The ending only seems anticlimactic if you've missed the undercurrents of emotion that make his restraint a remarkable gift to his daughter. The story shows how he's been desensitized from violence by the war and how she re-sensitizes him. It is deep and momentous, a shift from being a man of war to a man of peace. A poignant
moment in which the daughter becomes her father's teacher.

The book is full of warmth and humor.
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3 of 4 people found the following review helpful By JK on November 7, 2009
Format: Hardcover Verified Purchase
Crow Call will join the ranks of the Each-of-Our-Children-Must-Have-a-Copy-of-This books, that include such treasures as When Jessie Came Across the Sea, An Orange for Frankie, and The Yellow Star (an incident by the way which our son's Danish Grandmother-in-Law remembers and says IS a true story). My sisters will also be touched by the copies I am giving them at Christmas, as we lost our "war dad" in the springtime. A beautiful book for both the eyes and the soul!
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2 of 3 people found the following review helpful By Steven R. McEvoy on October 13, 2009
Format: Hardcover
Lois Lowry is one of only two children's authors to ever win two Newbery Medals. Her Giver trilogy (Giver, Messenger and Gathering Blue) is used in school curriculums all over North America. This new story is wonderfully told and amazingly illustrated. The artwork is vivid and realistic, almost a cross between Norman Rockwell and Alex Colville. The story is that of a young girl out for the day with her father, a father she doesn't really know, for he has just returned from the war. They have gone to hunt crows that are eating the crops. The story is about parents and children getting to know each other. In that sense it is truly universal, which is the best kind of story. Lowry shares in the afterward that this is a true story; it happened to her. This is an amazing book and can be shared with many.
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Format: Hardcover
Lois Lowry is one of my favorite authors, and her story here is wonderful. The pleasant surprise is how beautiful the illustrations are to perfectly accompany such a sweet time between father and daughter. The illustrator likes Andrew Wyeth, and it is apparent in the fantastic, quiet illustrations. Having grown up with a father much like this one -- a WWII vet, too, it brought back some good memories for me of spending valuable time with him. We even had a similar hunting trip together, though we knew each other very well. My father was there with me all through my childhood. In this story, that wasn't the case (because of the war), and they gently learn to get to know and really enjoy each other, thankfully making up for lost time. A heart-touching telling of a realistic blooming of rapport between a child and a beloved parent.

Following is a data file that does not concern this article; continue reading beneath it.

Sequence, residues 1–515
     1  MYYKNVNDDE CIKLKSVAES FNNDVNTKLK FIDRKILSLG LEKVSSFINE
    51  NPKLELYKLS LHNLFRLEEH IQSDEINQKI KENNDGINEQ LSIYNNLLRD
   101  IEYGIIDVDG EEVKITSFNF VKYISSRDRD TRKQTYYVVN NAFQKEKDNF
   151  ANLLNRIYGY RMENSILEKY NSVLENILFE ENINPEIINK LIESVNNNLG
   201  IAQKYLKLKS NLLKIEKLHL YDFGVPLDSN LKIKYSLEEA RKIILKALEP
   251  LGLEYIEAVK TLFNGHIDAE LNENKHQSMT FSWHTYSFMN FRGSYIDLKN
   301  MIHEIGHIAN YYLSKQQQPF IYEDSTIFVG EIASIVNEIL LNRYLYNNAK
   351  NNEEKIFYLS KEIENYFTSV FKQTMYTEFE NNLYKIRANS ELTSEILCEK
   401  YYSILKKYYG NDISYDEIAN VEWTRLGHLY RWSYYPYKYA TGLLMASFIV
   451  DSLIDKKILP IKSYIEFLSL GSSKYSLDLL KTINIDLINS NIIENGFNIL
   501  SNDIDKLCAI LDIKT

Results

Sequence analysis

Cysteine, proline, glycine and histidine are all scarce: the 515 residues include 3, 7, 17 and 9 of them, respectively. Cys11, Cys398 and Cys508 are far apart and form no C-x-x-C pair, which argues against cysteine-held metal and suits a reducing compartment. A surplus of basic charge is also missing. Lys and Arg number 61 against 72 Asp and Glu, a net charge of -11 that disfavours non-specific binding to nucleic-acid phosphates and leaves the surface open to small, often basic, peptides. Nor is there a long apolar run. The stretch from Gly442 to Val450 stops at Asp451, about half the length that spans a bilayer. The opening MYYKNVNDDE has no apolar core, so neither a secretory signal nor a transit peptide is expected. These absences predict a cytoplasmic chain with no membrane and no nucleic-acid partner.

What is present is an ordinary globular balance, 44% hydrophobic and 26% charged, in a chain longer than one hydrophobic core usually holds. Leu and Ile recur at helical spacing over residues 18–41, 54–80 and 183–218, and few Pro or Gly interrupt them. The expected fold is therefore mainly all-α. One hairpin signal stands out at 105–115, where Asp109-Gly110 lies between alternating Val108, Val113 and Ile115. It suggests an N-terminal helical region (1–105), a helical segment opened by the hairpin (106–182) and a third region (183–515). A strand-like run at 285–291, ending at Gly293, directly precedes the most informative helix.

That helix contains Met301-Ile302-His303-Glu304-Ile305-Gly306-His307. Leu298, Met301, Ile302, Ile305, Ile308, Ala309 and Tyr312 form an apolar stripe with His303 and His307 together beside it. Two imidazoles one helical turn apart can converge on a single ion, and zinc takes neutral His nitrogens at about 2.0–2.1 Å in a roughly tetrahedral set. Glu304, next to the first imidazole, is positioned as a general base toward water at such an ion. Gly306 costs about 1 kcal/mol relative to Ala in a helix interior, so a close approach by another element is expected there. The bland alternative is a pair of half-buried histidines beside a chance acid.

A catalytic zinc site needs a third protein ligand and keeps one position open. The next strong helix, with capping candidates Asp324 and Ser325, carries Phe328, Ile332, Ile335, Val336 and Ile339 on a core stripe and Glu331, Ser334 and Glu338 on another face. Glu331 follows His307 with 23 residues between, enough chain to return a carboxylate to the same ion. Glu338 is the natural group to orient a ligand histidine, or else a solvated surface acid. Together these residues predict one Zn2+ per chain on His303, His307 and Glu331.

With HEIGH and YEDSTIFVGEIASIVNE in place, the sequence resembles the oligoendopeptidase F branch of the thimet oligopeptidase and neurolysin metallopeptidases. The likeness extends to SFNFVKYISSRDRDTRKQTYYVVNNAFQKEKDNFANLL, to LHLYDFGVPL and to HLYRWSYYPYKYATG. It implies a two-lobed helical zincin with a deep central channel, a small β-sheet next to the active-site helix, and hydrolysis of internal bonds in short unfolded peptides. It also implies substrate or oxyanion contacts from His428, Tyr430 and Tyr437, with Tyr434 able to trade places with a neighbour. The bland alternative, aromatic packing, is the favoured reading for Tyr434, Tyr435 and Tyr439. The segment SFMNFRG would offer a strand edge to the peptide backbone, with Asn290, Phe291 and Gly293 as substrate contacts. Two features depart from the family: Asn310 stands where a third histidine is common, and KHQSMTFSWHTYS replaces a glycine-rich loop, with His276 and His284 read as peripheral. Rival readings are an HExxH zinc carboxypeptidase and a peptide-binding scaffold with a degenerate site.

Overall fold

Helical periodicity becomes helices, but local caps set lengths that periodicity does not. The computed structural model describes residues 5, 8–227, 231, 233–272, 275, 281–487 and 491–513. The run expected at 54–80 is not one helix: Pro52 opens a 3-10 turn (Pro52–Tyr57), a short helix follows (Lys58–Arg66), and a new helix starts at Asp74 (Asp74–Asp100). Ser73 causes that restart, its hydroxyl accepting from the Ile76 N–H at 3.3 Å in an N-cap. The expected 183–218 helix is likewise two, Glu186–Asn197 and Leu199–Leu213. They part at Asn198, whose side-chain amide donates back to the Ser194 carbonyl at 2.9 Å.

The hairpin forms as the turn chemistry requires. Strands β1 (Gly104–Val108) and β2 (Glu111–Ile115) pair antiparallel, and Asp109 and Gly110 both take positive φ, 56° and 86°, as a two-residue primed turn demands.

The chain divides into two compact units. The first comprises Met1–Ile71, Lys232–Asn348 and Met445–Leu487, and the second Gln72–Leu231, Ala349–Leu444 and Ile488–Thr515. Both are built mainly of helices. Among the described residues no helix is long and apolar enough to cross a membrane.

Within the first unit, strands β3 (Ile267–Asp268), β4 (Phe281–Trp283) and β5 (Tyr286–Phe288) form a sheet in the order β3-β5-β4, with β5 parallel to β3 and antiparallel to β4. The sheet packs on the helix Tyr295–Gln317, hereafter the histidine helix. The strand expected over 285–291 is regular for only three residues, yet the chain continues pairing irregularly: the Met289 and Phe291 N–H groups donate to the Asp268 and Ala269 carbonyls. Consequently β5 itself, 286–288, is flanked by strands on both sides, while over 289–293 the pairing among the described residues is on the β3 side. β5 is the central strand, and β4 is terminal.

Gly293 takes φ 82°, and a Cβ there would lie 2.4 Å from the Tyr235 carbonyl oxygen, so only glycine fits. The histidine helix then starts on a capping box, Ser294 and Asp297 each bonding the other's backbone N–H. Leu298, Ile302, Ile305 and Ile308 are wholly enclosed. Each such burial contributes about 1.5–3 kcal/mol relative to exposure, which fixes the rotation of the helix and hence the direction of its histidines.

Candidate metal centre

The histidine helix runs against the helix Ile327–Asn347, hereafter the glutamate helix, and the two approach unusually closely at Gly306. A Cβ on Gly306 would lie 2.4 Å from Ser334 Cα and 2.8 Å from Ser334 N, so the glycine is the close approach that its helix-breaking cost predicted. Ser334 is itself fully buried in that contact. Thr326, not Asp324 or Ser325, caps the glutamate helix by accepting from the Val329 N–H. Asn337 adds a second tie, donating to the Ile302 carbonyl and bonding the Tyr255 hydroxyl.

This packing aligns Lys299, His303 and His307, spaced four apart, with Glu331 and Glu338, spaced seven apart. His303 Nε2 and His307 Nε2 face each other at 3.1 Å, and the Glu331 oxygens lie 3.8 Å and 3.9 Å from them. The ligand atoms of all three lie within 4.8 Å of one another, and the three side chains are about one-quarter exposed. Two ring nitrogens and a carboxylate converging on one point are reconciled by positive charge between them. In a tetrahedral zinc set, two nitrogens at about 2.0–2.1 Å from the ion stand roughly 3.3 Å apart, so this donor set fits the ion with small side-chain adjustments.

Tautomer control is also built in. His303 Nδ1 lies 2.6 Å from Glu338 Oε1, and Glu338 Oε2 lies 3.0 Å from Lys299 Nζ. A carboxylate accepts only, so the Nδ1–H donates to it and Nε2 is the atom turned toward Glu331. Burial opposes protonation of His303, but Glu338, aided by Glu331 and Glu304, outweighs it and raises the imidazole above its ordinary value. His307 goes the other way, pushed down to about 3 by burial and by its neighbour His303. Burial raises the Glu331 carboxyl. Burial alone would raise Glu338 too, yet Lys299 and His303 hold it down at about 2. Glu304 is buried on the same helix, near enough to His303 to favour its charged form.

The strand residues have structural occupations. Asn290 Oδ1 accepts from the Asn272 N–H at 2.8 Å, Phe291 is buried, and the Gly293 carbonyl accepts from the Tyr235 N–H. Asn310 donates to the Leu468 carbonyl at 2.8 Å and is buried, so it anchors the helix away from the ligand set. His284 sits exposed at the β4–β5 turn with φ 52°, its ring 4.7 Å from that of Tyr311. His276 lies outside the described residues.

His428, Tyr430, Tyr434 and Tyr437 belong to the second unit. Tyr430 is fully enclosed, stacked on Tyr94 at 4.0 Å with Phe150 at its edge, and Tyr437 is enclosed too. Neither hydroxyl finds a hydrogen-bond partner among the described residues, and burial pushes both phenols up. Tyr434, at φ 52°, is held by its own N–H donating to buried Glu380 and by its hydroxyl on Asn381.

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Format: Hardcover
Liz is going hunting for crows with her stranger father who just returned from the war. It is the story of a little girl and her father connecting in a real way, which resonates with all children (and their parents). It is based on the true experiences of the author. My girls loved this story. They could relate because their daddy takes them on daddy-daughter dates all the time, and they love that connection time with him.

A beautiful pairing of art to story. The colors work so well for the hesitancy and awkwardness that both of the characters may be feeling, as well as the time period in which the story is set. And the facial expressions are wonderful. The illustrations feel so hopeful, which captures the essence of the story perfectly.
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Format: Hardcover Verified Purchase
Wonderful tale/semi autobiographical about her and her father...great intro duction for me for my high schoolers into the WWII unit we will be doing soon.
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Format: Hardcover Verified Purchase
Beautifully written and illustrated with a heartwarming storyline! I used this as a mentor text for my personal narrative unit!!
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Format: Hardcover
I love the tender way that the father, who has been away, reconnects with his daughter. His sensitivity to his daughter's feelings reminds me of my own father. The illustrations by Ibatoulline are gorgeous. While the colors are muted, as befits the fall season, the tender expressions on the faces of father and daughter are exquisite and put Ibatoulline on my list of favorite illustrators.